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The Washington civil forfeiture statute allows law enforcement agencies to seize and take ownership of property that had a sufficient factual nexus to certain controlled substance violations; if law enforcement cannot prove the forfeiture is authorized, the claimant would be entitled to have the property returned and receive reasonable attorneys' fees incurred to get the property back. This case presented two issues of first impression for the Washington Supreme Court regarding the attorney fee provision of the statute: (1) who qualifies as a claimant when the property at issue is owned by a corporation; and (2) is a substantially prevailing claimant's fee award strictly limited to fees incurred in the forfeiture proceeding itself? The Court held: (1) a corporate shareholder who did not file a claim in the forfeiture case is not a claimant and cannot recover fees pursuant to the statute's plain language; and (2) the award is not strictly limited to fees incurred in the forfeiture proceeding itself - the statute gives courts discretion to award fees from the related criminal case if reasonably incurred for the primary purpose of resisting the forfeiture. View "Olympic Peninsula Narcotics Enf't Team v. Junction City Lots 1 through 12 Inclusive" on Justia Law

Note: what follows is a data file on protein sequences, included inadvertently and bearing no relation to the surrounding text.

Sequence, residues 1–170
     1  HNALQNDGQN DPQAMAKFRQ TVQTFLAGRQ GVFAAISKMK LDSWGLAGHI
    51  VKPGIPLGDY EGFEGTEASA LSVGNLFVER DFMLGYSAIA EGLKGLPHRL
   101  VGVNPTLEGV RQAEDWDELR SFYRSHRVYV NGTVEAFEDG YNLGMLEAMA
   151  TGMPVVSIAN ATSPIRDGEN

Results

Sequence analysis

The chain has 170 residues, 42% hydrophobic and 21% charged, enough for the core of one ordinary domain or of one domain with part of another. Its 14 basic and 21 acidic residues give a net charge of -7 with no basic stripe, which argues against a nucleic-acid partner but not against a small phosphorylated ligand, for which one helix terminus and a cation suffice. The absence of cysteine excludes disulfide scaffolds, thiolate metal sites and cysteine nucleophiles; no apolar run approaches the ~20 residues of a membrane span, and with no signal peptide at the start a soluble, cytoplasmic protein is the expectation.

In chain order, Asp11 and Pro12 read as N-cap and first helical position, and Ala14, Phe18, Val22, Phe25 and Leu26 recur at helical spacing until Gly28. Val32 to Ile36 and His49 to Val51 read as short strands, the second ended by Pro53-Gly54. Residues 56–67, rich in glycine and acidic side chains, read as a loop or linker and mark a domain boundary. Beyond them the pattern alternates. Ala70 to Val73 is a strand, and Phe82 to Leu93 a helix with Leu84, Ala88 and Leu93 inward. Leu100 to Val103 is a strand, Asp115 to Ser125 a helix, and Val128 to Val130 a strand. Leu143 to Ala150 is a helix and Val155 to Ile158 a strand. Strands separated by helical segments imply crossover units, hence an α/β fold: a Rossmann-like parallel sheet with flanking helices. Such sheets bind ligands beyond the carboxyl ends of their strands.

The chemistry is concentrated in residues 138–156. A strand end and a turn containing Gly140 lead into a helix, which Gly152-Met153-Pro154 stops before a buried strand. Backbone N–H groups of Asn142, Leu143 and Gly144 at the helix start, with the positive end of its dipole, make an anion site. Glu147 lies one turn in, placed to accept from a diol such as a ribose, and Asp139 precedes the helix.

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The central issue in this case was whether the administrative exhaustion rule found in the Land Use Petition Act (LUPA) applies to all tort claims that arise during the land use decision-making process. In late 2009, Maytown purchased real property in Thurston County, Washington from the Port of Tacoma (Port) for the express purpose of operating a mine. The property came with an approved 20-year special use permit (permit) from Thurston County (County) for mining gravel. Maytown and the Port claimed the County's board of commissioners (Board) succumbed to political pressure from opponents to the mine and directed the County's Resource Stewardship Department to impose unnecessary procedural hurdles meant to obstruct and stall the mining operation. Because the property had been designated by the County as "mineral land of long term commercial significance," the County was obligated to balance the protection of the mineral land with the protection of critical areas. Other issues raised by this case centered on whether the evidence was sufficient to support the jury's finding of a substantive due process violation 42 U.S.C. 1983; whether an aggrieved party can recover prelitigation, administrative fora attorney fees intentionally caused by the tortfeasor under a tortious interference claim; and, whether the Court of Appeals erred in awarding a request under RAP 18.1(b) for appellate attorney fees that was not made in a separate section devoted solely to that request. The Washington Supreme Court affirmed the Court of Appeals on all but the third issue raised: the tortious interference claims pled in this case did not authorize recovery of prelitigation, administrative fora attorney fees. The Supreme Court therefore affirmed in part, and reversed in part. View "Maytown Sand & Gravel, LLC v. Thurston County" on Justia Law